Lecture Notes





































History of Collective Security

This cartoon blames the United States for the failure of the League of Nations.

During World War I, U.S. President Woodrow Wilson came up with a 14-Point Plan for ending the war and achieving a lasting peace. His last point was a “League of Nations” that would, in theory, maintain peace through collective security. The idea of collective security was not entirely new, but this would be the first time that it would be tried on a global scale.

Unfortunately, the League of Nations was a failure. As Germany, Italy, and Japan invaded their neighbors in the 1930s, the League of Nations proved powerless—or unwilling—to stop them. That’s one problem with collective security: Although countries are pledged to defend each other, many countries will refuse to do so, if such an act is not in their own best interest or is thought to be too risky or expensive.  The result was World War II, the bloodiest war in world history.

Another problem with the League of Nations is that the U.S. never joined. Following the war, the U.S. retreated into an isolationist mood; Americans were wary of “entangling alliances” which might commit the U.S. to more foreign wars. So Congress refused to ratify the treaty which created the League of Nations—even though the whole thing had been President Wilson’s idea.

The failure of the U.S. to join the League of Nations is often cited as the primary reason the League of Nations was such a spectacular failure.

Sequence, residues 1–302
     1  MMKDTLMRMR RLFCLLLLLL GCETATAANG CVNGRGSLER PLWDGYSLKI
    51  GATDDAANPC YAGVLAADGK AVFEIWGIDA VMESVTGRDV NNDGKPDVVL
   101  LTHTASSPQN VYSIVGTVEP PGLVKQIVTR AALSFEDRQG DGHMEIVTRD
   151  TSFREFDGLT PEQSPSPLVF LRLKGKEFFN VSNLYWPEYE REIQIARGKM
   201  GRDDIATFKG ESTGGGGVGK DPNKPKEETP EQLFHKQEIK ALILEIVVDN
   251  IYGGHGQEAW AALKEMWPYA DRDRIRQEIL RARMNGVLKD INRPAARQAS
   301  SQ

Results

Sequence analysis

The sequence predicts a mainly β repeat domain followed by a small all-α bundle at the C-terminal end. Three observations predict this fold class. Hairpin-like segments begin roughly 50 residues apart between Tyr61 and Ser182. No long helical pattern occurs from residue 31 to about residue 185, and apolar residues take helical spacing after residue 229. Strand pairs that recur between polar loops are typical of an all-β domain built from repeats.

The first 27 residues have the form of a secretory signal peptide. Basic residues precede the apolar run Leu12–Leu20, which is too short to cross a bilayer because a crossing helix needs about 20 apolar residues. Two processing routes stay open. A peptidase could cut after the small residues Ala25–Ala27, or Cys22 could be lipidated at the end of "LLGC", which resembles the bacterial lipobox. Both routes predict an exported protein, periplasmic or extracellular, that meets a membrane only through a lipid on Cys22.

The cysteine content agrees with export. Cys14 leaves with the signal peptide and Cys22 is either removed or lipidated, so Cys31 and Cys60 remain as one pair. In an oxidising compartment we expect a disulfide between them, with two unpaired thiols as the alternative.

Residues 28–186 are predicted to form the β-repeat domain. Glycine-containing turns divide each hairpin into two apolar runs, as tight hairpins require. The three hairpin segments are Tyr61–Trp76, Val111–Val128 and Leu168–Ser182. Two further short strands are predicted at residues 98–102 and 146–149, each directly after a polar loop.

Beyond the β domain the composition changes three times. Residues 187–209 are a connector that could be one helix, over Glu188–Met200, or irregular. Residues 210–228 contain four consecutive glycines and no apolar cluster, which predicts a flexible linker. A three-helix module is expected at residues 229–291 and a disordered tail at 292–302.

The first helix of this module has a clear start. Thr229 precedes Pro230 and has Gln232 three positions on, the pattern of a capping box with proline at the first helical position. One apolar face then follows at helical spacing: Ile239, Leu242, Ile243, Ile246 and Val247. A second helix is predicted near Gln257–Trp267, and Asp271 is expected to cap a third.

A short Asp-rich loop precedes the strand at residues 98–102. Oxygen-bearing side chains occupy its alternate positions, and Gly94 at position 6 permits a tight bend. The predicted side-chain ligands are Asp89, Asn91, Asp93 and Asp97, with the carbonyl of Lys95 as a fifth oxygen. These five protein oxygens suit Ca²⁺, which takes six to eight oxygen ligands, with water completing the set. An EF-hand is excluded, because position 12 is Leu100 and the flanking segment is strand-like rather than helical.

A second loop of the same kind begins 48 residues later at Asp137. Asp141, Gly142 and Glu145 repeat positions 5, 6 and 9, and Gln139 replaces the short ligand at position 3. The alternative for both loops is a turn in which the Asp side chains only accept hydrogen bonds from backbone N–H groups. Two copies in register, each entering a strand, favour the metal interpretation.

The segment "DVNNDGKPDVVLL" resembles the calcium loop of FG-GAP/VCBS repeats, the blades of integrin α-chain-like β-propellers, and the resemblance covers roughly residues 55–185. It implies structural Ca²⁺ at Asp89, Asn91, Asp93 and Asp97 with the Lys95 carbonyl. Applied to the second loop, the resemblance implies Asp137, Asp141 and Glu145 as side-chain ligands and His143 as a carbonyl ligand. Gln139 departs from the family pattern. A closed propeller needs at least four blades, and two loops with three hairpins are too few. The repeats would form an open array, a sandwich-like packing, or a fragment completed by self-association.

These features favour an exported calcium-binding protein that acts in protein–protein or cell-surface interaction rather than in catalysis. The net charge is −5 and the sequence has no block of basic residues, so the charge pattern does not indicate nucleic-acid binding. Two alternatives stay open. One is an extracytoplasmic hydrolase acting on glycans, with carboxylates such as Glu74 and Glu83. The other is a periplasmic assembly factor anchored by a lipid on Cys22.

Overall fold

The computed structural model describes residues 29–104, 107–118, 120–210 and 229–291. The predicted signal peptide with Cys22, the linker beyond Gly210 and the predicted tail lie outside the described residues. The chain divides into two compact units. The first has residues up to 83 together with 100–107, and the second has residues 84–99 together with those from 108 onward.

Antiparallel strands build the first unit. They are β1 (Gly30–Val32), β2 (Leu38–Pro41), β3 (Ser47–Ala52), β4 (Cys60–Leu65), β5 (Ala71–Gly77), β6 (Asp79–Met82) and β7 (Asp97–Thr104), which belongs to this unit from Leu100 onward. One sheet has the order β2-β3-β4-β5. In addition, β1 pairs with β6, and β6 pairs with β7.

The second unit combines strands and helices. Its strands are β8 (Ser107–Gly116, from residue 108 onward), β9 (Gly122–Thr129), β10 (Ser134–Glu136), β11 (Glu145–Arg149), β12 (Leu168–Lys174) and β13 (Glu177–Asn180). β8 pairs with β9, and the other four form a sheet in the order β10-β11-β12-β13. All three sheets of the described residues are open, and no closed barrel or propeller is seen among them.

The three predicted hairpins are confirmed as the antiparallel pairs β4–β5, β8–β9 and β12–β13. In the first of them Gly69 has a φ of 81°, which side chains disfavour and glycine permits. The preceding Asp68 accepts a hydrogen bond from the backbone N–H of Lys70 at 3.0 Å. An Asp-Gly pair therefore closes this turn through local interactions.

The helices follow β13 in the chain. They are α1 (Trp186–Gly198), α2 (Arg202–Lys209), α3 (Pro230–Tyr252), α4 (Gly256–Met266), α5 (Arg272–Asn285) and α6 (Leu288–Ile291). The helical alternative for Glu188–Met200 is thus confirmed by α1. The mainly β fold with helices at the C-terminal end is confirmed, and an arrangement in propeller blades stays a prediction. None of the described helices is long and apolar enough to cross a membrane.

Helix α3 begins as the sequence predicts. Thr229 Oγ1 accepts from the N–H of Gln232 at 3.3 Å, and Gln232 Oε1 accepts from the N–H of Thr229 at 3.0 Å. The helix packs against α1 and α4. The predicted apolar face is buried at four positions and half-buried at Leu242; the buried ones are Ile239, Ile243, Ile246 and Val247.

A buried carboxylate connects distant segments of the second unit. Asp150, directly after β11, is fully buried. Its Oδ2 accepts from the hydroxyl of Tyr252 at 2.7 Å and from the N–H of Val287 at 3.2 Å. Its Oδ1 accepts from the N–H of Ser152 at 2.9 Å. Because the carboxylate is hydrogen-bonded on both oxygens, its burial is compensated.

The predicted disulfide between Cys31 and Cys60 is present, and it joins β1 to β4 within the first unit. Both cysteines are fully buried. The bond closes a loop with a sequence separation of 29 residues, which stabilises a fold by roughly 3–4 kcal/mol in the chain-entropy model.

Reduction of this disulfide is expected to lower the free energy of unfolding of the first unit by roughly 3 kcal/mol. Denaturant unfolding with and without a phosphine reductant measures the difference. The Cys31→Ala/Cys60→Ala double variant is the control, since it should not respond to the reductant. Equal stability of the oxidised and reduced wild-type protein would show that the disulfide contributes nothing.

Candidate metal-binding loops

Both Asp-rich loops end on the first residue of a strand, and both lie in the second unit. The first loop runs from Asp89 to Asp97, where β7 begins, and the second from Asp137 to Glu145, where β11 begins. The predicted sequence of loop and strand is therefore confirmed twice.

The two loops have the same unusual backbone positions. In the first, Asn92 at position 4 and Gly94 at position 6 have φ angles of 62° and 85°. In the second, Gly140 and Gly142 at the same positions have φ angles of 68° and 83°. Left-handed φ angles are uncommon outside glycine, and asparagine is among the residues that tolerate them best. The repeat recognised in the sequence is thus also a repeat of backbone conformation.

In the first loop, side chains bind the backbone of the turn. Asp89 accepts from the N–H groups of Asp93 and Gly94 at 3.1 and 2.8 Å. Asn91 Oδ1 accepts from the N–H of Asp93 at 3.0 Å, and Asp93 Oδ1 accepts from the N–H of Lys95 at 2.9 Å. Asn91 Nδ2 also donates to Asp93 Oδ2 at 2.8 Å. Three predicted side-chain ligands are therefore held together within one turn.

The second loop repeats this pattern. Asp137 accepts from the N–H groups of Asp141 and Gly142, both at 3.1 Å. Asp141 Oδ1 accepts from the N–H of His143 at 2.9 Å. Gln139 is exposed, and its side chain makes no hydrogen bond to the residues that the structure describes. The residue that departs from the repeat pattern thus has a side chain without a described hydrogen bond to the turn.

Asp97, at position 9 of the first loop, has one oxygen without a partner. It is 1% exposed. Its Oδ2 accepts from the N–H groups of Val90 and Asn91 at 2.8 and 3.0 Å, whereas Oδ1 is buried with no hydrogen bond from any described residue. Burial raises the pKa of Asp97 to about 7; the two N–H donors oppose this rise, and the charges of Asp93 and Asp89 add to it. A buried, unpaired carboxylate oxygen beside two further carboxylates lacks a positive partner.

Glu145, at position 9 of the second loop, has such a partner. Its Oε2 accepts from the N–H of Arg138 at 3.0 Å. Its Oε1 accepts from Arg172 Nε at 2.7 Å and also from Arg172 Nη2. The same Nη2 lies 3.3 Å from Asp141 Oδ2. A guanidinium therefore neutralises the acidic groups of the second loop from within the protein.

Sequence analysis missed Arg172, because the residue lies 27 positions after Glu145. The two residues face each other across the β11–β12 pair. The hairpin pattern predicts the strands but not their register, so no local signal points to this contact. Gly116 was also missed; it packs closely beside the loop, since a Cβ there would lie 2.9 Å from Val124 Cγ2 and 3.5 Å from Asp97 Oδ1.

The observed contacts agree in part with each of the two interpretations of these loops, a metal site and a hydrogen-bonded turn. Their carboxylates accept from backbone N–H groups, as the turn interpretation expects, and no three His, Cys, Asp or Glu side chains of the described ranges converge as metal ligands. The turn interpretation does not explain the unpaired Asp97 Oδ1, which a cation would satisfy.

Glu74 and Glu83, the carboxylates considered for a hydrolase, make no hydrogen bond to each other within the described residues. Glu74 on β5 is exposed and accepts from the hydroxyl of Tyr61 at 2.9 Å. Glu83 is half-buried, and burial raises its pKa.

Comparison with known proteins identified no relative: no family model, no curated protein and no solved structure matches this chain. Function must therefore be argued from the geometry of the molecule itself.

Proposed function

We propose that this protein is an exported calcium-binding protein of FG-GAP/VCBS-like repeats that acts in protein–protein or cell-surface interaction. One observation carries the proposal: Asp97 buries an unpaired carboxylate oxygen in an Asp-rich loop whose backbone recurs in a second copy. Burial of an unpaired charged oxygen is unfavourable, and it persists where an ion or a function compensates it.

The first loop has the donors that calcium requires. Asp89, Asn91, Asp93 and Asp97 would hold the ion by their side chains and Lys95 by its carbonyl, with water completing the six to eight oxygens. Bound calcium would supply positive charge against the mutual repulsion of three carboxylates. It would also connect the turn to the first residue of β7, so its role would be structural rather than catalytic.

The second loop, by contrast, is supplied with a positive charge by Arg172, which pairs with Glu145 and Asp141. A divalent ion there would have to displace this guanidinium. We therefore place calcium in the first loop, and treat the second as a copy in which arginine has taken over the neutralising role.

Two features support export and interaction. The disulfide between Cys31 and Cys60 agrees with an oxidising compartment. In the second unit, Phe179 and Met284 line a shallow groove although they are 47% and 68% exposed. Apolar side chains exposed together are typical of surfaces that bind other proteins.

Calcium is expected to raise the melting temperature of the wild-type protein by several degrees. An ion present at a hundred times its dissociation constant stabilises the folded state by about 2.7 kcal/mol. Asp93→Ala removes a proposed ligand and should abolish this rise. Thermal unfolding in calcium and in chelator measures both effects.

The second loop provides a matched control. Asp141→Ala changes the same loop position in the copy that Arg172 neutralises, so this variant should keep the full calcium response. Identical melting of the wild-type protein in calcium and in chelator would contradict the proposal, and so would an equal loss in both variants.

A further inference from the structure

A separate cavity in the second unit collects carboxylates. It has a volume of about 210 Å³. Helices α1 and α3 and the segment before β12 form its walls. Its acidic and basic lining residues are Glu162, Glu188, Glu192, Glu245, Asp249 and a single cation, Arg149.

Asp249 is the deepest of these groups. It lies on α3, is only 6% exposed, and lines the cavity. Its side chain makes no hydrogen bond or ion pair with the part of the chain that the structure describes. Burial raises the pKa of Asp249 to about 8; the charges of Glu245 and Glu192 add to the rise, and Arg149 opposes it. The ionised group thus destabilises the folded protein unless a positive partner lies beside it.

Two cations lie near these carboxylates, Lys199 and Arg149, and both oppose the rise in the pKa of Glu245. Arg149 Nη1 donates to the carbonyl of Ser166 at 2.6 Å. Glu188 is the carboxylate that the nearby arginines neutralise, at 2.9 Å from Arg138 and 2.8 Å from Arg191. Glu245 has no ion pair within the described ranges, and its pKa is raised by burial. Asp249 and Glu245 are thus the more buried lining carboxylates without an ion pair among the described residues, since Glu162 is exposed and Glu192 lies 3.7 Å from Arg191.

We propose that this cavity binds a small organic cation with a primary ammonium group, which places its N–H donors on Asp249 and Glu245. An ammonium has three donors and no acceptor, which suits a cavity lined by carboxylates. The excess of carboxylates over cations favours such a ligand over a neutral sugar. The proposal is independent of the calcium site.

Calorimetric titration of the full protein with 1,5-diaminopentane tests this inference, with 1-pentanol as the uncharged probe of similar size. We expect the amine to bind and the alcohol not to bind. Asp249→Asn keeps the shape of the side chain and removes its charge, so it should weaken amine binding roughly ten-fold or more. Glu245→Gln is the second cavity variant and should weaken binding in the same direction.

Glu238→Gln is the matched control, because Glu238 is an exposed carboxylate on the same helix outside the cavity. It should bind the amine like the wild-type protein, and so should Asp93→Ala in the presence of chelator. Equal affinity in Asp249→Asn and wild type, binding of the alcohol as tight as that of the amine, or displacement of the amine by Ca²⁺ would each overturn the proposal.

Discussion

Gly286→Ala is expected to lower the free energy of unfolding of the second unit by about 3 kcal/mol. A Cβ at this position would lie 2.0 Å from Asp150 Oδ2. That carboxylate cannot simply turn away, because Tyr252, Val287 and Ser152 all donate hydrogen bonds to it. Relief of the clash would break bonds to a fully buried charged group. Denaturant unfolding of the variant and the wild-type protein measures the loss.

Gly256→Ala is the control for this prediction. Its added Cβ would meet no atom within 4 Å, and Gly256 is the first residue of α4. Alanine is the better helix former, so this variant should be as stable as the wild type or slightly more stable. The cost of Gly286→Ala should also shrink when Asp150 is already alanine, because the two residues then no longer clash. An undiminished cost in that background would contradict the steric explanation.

A Second Try

The U.N. was formed immediately following World War II. It was based on previous agreements such as the League of Nations and the Atlantic Charter. The United Nations represents a “second try” at the idea of collective security.

The United Nations, like the League of Nations before it, is a collective security agreement. If any state attacks another state, all the members of the United Nations are supposed to come to the defense of the country that has been attacked.

Has collective security worked better this second time around? Not really. Although the UN does a lot of good work, it has not proven particularly successful at preventing wars. True, we have managed to avoid World War III—but that’s not saying much. There have been many regional wars since the United Nations was formed in 1945. The idea of collective security just doesn’t seem to work so well in the real world.


Check Your Understanding

  1. Why didn't the United States join the League of Nations? 
  2. Why did the League of Nations fail to prevent World War II?
  3. Has the United Nations been more successful at preventing wars than the League of Nations? Explain your answer.